My dearest girl,
I don’t want to write this letter, sweet one. I read back over the letters I’ve written you on each of your birthdays since you died, and I have no idea how I came up with so many lovely words to say to you. Because today, I feel bereft. I feel grumpy and angry and so sad. In the early years after you died (how unbelievable and awful that you have been gone so long that there are now “early years”), my dread of these days—anniversaries and birthdays and other special days—was always worse than the days themselves. But as time as passed, I find more and more that the opposite is true. In the beginning, when there was nothing but your absence, always, all the time, the special days were really no different than the others—like every other day, they were hard and sad. If anything, those days may have even been a little bit easier, because even though they were hard and sad, we would always hear from lots of friends and special people who were remembering you on those days. But as time has gone on, and our lives have continued to grow bigger around your absence, we still feel it every day—every moment—but I think we feel it even more on those days, like your birthday, when you are supposed to be front and center. Earlier today, I was baking with your brother and sister, and all I could think about was how wrong it all was, how your brother and sister should have been at school, how I should have been putting the final touches on cupcakes to bring your first grade class to celebrate your birthday.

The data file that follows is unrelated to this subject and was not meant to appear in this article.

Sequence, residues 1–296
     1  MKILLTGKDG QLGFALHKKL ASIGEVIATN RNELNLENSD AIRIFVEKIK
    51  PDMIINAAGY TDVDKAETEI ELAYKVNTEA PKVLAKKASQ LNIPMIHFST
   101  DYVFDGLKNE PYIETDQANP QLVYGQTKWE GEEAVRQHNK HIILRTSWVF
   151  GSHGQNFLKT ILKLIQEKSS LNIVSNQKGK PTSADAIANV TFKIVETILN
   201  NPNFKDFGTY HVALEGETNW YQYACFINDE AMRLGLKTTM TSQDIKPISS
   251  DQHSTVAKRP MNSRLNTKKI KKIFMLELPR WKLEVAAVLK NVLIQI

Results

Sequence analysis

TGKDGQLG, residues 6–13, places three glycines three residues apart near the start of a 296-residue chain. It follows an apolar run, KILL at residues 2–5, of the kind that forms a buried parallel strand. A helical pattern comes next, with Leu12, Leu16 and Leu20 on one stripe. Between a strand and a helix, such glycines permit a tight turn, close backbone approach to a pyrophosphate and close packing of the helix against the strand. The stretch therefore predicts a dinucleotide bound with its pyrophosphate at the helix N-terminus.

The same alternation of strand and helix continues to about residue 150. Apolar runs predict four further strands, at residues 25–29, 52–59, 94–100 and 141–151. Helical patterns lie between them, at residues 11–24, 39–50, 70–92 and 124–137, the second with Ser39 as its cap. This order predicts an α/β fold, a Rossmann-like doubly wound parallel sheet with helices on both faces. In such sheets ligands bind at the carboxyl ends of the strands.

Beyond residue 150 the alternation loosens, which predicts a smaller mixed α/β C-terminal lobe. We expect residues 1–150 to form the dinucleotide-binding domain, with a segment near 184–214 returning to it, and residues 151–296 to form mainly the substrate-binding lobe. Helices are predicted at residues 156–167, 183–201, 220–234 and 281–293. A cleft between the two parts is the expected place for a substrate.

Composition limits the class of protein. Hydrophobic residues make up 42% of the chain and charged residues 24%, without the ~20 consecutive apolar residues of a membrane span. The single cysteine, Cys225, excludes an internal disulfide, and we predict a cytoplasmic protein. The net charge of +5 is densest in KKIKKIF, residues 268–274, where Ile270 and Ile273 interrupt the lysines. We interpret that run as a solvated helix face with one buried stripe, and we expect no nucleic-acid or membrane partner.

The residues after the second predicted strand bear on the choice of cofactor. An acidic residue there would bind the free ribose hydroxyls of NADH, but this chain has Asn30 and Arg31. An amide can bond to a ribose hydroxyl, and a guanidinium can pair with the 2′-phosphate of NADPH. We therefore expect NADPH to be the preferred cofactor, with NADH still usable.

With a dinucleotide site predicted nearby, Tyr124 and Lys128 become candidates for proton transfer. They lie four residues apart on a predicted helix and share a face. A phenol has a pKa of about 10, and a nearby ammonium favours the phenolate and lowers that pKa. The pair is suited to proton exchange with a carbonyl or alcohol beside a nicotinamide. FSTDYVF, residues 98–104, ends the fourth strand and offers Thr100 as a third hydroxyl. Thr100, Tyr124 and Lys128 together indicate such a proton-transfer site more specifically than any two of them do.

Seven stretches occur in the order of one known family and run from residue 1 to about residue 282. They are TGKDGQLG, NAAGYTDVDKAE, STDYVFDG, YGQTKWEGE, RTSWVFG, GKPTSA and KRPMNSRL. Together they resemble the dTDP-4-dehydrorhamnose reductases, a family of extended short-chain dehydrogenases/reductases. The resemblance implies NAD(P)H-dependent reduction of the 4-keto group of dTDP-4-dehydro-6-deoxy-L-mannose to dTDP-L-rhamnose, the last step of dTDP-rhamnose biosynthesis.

Your first grade class. I know I say every year that the age you should have reached seems so big, so grown, but goodness, Hudson. Seven? First grade? I’ve enjoyed looking at so many of your baby pictures over the last few days, and I can’t believe how much time has passed. I guess in some ways, this is similar to what every parent experiences looking at pictures of their children as babies, wondering how they could ever have been so small. And yet, of course, I don’t have you here with me as evidence of how much you have grown. You’re still the small, precious person I last saw lying on that bed in the hospital, finally undisturbed by so many wires and tubes and gadgets, no longer swollen from fluids and medication, looking as though you were simply sleeping peacefully. But even though you are not here for me to mark your height on the wall, I still feel the passage of time so keenly, how fast it all goes. It still feels like you were just here. It seems impossible that we are coming on six years since we last saw you. How can that be?